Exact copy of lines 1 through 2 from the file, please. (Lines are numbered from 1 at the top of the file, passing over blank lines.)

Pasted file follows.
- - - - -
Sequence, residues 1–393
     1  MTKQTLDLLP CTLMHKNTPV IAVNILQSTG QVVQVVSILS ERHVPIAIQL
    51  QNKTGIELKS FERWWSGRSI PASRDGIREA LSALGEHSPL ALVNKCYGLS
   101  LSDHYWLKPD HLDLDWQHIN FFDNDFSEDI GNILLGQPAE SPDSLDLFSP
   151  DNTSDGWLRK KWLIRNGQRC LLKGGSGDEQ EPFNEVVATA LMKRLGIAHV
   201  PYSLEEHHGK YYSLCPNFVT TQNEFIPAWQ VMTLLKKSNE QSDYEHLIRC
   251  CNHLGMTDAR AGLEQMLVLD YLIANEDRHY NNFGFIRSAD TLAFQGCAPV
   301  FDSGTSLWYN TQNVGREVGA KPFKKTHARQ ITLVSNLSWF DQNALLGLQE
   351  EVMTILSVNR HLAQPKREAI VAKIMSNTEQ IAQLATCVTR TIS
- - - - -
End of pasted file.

Sequence, residues 1–393
     1  MTKQTLDLLP CTLMHKNTPV IAVNILQSTG QVVQVVSILS ERHVPIAIQL